When we mention to clients that their protein intake may need to be increased for better fat loss results, many women get surprised. Even those who have a more in-depth understanding of macronutrients often think they eat enough protein until they start tracking it. This article aims to clarify what protein is, why it's essential, and how it can affect your weight loss goals.
What Is Protein?
Protein is one of the three macronutrients essential for us. It plays a significant role in building and repairing muscle tissue, as well as we can find it in pretty much all types of tissue in our body: bone, skin, hair, and organs.
Protein is made from 20+ building blocks called amino acids, 9 of which are essential amino acids humans need to get from their food. These are called histidine, isoleucine, leucine, lysine, methionine, phenylalanine, threonine, tryptophan, and valine.
We are recommended to eat a varied diet to make sure our body gets enough of these essential amino acids. Deficiencies may lead to all sorts of symptoms. If you eat meat, fish, dairy, and eggs, you don't have to worry too much. However, someone on a vegetarian or vegan diet must understand the protein make-up of plant-based food and ensure they get the suitable variety their body needs.
What Does a High-Protein Diet Look Like?
Eating more protein can aid muscle gain and boost metabolism, amongst countless other benefits. That doesn't mean you eat minimal or no carbs or fats. It just means that you calculate your higher protein intake in calories first, then split the rest between carbs and fats in a way you prefer. You still eat plenty of all of them.
A high-protein diet isn't considered a restrictive eating method by any stretch of the imagination, making it more sustainable than a large percentage of other popular diet approaches that focus on subtracting rather than addition.
However, eating more protein is not as easy as simply chowing down on more chicken breast, especially if you want to maintain a balanced, nutrient-rich diet that can help you lose weight and keep it off long term.
The most complex aspect of a high protein diet is that the best protein sources, such as fish, lean meats, and beans, are not as straightforward or fast as most other high carb foods and lack the convenience of fruits and vegetables.
These features may shed some light on why up to ⅓ of women between the ages of 20 and 40 do not consume their daily recommended amount of protein. It can easily seem too tricky and time-consuming to cook up a high protein meal when other quicker options seem more tempting.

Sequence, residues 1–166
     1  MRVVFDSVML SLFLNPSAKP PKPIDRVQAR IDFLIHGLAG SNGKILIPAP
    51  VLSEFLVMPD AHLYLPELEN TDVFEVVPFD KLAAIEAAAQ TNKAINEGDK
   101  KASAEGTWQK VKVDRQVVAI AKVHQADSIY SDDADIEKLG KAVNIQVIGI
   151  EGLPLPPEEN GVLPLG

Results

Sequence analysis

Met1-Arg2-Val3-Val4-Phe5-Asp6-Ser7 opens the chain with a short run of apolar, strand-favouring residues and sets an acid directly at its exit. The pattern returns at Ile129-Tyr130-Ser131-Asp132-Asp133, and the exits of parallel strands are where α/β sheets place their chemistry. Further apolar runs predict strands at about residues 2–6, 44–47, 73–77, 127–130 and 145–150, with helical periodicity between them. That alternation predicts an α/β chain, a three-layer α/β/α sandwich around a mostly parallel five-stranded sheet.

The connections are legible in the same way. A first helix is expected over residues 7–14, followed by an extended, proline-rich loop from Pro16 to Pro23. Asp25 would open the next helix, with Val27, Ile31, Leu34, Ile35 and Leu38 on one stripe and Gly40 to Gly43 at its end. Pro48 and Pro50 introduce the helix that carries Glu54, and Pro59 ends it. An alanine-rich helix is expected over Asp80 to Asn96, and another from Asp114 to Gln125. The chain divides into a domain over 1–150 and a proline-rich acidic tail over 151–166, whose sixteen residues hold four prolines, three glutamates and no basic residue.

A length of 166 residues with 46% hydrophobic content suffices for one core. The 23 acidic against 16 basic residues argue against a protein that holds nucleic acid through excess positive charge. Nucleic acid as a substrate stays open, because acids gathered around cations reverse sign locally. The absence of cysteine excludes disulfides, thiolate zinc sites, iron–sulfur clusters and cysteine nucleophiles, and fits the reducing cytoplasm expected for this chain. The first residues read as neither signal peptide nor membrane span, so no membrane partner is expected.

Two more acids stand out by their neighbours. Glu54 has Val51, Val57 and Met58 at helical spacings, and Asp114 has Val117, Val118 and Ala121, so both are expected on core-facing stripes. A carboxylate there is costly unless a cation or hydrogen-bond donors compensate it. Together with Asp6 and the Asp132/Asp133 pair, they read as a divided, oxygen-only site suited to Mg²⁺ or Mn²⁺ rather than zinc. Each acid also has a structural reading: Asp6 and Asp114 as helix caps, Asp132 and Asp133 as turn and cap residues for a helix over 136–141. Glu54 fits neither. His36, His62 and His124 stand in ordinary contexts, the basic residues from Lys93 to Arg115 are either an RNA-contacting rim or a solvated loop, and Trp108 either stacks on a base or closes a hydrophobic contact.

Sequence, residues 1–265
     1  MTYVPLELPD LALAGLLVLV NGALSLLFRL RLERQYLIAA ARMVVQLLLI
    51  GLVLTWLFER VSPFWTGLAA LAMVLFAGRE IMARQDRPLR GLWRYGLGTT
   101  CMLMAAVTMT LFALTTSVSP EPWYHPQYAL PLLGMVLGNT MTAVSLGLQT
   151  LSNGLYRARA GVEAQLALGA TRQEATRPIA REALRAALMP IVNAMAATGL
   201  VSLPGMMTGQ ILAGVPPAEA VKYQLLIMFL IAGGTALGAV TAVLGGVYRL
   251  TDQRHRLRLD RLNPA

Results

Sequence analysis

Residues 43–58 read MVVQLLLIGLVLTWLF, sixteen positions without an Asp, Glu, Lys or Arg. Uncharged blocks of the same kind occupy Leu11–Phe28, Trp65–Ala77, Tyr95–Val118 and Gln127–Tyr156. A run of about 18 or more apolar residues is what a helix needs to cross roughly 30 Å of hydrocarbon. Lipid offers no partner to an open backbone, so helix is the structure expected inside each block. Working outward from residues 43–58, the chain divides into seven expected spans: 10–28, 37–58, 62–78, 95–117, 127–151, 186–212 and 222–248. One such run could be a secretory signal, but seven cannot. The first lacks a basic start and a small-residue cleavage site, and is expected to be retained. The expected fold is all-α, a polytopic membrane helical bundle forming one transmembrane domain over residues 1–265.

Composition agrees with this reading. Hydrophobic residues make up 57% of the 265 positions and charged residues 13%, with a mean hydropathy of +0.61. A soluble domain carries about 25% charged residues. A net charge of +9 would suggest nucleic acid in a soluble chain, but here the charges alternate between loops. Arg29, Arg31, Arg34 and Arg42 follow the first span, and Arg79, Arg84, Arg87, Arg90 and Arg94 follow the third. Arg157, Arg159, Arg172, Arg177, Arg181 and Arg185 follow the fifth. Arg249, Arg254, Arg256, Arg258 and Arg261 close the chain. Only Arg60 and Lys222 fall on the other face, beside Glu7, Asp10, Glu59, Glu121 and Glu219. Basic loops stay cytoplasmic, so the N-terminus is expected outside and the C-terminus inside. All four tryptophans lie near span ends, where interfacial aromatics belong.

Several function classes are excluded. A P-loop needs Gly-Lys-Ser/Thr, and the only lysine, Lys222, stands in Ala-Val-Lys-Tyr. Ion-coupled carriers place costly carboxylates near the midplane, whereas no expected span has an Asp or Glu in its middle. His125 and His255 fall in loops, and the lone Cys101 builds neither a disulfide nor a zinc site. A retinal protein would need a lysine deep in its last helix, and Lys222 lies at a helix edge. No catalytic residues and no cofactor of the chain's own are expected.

Generally speaking, if you want to keep your protein intake reasonably high, you will eat one palm-sized portion of protein with each meal, 3-4 times a day. You will also eat a fistful of vegetables and only a cupped-hand amount of carbs with those meals.
How can a high protein diet help you lose weight?
Here are a few reasons a diet higher in protein would support your weight loss goals. First of all, high protein foods take more work and energy for your body to digest, metabolize, and use, which means you will burn more calories to process and consume them.
Another critical aspect of weight loss is managing your satiety levels. Proteins take much longer to leave your stomach, which will certainly aid you in feeling fuller for longer. You won't be able to overeat on chicken breast or tuna because your body will realize when you're full. You can't say the same about chips and biscuits.
A third reason you will benefit from eating more protein when losing weight is your recovery. Have you ever felt sore for over three days after a challenging workout? When you eat more protein, your body can rebuild the broken muscle tissues faster, so your DOMS won't last days.
The last reason to give a high-protein diet a go is that when you're eating at a calorie deficit for weight loss, you won't only lose body fat but also water and muscle. If your meals are higher in protein, your body will be able to minimize how much muscle mass you lose and help you sculpt a toned body.
How much protein should I be eating for weight loss?
How much protein you need to consume will depend on a few things, most notably on your activity levels.
According to Precision Nutrition's research, women who regularly engage in high-intensity training, including weightlifting and cardio, might need between 1.4-2g of protein per kg of their body weight. That means a 140lb woman would consume between 89.6g and 126g of protein per day.
Let's calculate how that would translate into calories. 1g of protein contains 4 calories, so our lady in the example would need to eat between 358 and 504 calories from protein per day.
So, if our example client weighs 140lbs that she wants to maintain, is moderately active during the day thus has a calorie need of about 2000 calories, you can see that between 18 and 25% of her daily calorie intake should be from protein.
If you want to make your protein intake super simple for yourself, 1/4th of your meals should be protein-rich foods like fish, meat, poultry, eggs or pulses.
No one macronutrient is exclusively responsible for weight gain or weight loss, so you must never make the mistake of cutting out food groups or eating one type of food, hoping that this will encourage a dramatic weight loss.
Overeating protein can be a risk factor, as overconsumption of protein coupled with underconsumption of carbohydrates will decrease your fiber intake. Eating too little fiber could cause bloating and constipation and even more severe risks like heart disease and chronic illnesses if you become highly deficient. Always eat fruits and vegetables when consuming a high protein diet to meet all of your macronutrient needs. A future article will be focused on carb intake for weight loss.
If you need some help calculating your daily nutrient intake or have other questions about your fitness journey, please get in touch!